The DfE has been exploring the impact of offering financial support to employers who offer placements, and information about the effectiveness of this will be crucial as part of understanding what works. Influencing messages could focus more on the additional capacity a placement learner would provide – however for this to be persuasive, learners will need to be work-ready. The latest placements guidance supports this – learners can spend up to 35 hours on work preparation activities which should be closely matched to the needs of occupations to ensure they can be productive on arrival with the employer.

As T Levels roll out, we need ensure we support young people to develop skills related to growth areas of the economy, and particularly local growth. The first three T Levels appear well matched to current and anticipated demand areas: there is little question that education and childcare will need staff and this sector is highly experienced in accommodating FE Level learners and part of workforce planning. The construction pathway should align young people well to the government’s ambition to build our way out of recession. Perhaps the greatest obstacle in this industry will be the tradition of using Apprenticeships, though the T Level provides the means to increase pipeline capacity at a scale never achieved by Apprenticeships. Finally, the demand for digital skills has been increasing as a result of coronavirus and global trends for automation. The obstacle this T Level needs to overcome – and it has been a tough challenge to date – centres on industry demand for graduate rather than FE level skills.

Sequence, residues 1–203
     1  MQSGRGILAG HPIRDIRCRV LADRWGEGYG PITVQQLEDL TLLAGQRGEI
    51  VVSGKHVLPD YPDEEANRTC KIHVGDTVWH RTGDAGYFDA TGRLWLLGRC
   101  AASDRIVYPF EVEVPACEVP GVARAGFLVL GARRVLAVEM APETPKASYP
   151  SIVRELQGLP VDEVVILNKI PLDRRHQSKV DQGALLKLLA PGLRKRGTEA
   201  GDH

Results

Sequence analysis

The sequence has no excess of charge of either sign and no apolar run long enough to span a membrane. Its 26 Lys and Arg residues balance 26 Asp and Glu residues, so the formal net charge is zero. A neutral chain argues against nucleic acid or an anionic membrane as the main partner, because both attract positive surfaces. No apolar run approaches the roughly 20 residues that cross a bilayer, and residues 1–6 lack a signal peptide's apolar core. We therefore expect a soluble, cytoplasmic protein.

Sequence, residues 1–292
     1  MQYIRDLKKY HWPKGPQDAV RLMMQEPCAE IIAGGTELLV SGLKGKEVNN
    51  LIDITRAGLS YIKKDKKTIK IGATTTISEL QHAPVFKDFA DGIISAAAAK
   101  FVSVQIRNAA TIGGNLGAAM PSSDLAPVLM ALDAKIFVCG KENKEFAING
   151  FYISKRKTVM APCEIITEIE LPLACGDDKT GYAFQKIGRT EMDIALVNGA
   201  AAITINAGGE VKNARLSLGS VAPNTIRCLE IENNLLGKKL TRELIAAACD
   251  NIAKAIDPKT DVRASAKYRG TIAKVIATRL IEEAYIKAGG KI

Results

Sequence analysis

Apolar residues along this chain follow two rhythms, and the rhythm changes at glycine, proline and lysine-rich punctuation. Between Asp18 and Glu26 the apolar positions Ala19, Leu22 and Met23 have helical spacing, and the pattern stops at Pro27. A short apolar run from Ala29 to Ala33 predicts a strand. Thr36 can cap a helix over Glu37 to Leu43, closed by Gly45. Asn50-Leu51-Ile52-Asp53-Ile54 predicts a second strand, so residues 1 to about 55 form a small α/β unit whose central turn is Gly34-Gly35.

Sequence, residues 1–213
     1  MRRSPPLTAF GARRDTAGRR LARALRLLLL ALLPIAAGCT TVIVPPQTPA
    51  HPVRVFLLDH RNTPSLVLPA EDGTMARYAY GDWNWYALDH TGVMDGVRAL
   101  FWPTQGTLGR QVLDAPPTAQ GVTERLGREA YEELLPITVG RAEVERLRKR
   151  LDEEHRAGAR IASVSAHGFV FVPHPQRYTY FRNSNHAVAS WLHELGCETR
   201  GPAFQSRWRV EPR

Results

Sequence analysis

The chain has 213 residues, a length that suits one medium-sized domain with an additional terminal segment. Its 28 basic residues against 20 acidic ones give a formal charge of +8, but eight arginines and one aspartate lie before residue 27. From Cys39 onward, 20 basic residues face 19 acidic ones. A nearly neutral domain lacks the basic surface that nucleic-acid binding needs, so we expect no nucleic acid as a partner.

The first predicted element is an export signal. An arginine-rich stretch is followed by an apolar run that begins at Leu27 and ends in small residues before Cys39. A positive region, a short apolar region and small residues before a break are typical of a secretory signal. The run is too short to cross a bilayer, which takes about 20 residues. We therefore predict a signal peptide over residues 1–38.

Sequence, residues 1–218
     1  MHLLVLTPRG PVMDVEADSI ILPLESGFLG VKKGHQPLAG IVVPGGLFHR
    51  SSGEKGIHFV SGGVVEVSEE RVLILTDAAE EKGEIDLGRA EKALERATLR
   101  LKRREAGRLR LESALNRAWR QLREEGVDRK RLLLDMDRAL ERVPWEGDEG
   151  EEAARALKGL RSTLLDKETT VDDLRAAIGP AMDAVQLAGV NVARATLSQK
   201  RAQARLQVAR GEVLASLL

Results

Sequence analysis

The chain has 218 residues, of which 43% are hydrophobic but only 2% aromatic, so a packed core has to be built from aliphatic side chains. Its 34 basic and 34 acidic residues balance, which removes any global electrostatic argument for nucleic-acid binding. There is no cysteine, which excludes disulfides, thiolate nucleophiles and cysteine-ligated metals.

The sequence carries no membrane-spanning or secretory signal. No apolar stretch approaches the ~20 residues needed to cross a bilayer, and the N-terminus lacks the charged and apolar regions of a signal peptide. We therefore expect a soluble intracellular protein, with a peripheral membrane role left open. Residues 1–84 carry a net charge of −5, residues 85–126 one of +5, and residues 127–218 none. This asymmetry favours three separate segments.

Overall, the current roll out plan should work ok, with industries currently ‘at risk’ not planned to start on T Levels for a couple of years yet. But is roll out moving fast enough now we face this recession? This year’s T Level delivery starts small, offered exclusively by high performing institutes. We may need to revisit the pace and scale of roll out in order to provide more high-quality places for young people to weather the storm.

We should also consider how T Levels might provide a high-quality means for young people aged 19-24 to shield from the recessionary labour market and upskill at the same time. The latest data shows that only 60.2% of young people have attained Level 3 by age of 19 so the need is there. Other experimental data suggests more needs to be done to upskill the ‘below Level 3’ group to avoid this being their highest qualification at age 25, as improved labour market outcomes result from Level 3+.

Certainly, 19-24s yet to study at Level 3 are entitled to full funding of their course fees – however, as many will have been working and are now in furlough, or unemployed, coverage of their living and housing costs is needed for full-time study to be a realistic option. With this, T Levels with their industry placements would offer a step up in skills and substantial engagement with an employer. In the mix of the Kickstart Programme, job, traineeship and apprenticeship subsidies, is an opportunity for a subsidised full-time skills option being lost? This could work well for at least part of the youth group hardest hit by the recession.

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Any views expressed are those of the author and not necessarily those of the Institute as a whole.